Aesthetically Pleasing Moments From Video Game Football History #10

We last featured a PC game in APMFVGFH back in episode 4, with the legendary Championship Manager 01/02. We return to the platform now with a title from the same period that was also similarly based around the world of football while not an actual football simulator, but not to quite the same universal acclaim as CM.

That’s right, here we have the iconic Hooligans: Storm Over Europe; another game that at one point was present in our very own POTP library but later loaned out to a DJ and shamefully never returned (we’re not really angry, share and share alike). Released in January 2002 as the debut publication of Dutch developers DarXabre, it is as close to “Football Hooligan Manager” as the world has yet seen, or rather “Warcraft 2-meets-hooliganism”.

Unsurprisingly the game received push-back from the outraged football establishment at the time, with the likes of the Dutch KNVB and the English FA both demanding it be banned. As the player takes control of their own firm setting out on a European campaign of destruction, the inclusion of the group name “Tartan Army” as one of a set selection to chose from also drew ire from Scottish supporter quarters; our preference was the ironically inapt Ultra Boys.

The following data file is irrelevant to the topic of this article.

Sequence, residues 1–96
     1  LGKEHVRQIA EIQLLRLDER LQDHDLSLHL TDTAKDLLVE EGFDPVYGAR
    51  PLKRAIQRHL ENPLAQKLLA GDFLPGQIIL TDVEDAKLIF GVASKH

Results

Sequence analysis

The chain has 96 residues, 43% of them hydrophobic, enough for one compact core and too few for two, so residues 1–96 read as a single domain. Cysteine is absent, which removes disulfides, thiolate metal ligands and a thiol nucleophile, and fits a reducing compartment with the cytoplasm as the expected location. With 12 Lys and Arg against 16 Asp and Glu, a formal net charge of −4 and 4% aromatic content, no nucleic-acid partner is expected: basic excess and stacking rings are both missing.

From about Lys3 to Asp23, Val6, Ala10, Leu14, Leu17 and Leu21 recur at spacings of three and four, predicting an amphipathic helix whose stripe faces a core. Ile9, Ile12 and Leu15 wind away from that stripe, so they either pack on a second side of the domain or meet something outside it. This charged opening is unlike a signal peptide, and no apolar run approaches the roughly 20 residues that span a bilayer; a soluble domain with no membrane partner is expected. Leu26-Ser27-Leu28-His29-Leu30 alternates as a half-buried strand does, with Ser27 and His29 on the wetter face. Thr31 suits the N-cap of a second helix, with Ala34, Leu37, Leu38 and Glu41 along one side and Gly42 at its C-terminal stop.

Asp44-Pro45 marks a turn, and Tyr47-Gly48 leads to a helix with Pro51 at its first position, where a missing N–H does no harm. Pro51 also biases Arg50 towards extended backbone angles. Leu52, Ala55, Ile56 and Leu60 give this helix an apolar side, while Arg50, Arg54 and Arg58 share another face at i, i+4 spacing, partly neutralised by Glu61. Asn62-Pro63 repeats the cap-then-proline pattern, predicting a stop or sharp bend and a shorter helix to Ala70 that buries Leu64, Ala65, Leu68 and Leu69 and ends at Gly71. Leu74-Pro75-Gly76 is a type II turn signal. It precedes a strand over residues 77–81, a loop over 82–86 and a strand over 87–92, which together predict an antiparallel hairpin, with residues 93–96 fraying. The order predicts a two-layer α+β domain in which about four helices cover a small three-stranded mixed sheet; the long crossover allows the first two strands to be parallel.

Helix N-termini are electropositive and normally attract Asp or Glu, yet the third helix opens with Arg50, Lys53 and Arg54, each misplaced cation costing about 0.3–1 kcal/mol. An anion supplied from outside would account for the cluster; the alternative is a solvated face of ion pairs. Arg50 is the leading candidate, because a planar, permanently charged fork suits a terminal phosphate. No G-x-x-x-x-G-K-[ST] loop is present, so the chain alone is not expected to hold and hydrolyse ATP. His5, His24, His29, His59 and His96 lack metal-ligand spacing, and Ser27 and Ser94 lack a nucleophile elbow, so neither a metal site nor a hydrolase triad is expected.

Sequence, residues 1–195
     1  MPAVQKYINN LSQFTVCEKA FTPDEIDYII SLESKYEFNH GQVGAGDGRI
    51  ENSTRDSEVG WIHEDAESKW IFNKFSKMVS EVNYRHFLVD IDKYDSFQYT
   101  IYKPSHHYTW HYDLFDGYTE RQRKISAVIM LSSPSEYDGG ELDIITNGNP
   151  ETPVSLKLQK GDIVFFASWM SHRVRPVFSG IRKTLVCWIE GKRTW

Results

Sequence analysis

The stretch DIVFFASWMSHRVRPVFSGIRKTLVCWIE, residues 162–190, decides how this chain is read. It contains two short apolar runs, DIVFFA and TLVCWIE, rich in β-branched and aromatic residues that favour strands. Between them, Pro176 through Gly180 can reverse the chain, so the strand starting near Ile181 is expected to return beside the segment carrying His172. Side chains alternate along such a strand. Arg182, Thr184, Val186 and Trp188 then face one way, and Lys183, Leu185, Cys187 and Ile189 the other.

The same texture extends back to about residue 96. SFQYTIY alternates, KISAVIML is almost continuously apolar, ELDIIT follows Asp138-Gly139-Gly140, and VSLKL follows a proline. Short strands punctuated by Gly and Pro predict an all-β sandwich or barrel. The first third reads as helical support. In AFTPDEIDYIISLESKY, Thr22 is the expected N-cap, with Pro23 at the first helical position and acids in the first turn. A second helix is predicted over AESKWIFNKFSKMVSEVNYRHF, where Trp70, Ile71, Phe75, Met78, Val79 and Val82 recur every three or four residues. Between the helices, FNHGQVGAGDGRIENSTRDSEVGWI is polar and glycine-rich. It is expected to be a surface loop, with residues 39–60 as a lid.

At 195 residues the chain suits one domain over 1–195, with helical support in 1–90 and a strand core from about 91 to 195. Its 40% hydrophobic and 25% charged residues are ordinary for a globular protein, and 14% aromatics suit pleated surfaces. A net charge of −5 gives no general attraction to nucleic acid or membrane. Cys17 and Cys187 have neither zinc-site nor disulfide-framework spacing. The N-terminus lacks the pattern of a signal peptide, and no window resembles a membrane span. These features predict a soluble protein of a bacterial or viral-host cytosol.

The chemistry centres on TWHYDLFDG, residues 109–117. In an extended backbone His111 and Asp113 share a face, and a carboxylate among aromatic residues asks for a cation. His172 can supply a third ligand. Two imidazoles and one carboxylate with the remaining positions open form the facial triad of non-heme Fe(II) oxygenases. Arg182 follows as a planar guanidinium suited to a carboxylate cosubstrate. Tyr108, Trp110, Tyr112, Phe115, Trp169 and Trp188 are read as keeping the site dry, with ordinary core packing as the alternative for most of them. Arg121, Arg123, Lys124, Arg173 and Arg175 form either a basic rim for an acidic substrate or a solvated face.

Your firm is a diverse group consisting of several distinct types of hool, powered to varying degrees by the intake of booze and drugs, and participation in violence and looting. Without these, they will turn astray back to a peaceful lifestyle.

Types of member include: “the rat”, good at sneaking but with weak drug and alcohol tolerance; the boombox carrying “raver”, with a high drug tolerance but low alcohol tolerance; and “the hooligan”, an expert in demolition and crowd control. There is also “the bulch”, who is, to quote Wikipedia, “an overweight dumb man who functions as the muscle”, and the leader (unfortunately not “Top Boy”), who can carry a gun and rallies the troops like no other.

Threaded in between the various game stages that we will see below, are cheesy cut-scenes of a classic mish-mashed “Hollywood hooligan” group (with different accents), being interviewed under the premise of a Dutch documentary:

The hooligan flag hung high indeed.

Despite this, the game itself is an absolute graphic delight. Here we see the opening level, as riot police with two vans are prepared outside “Station Noord” in a quintessential Dutch city, awaiting the arrival of the firm via train: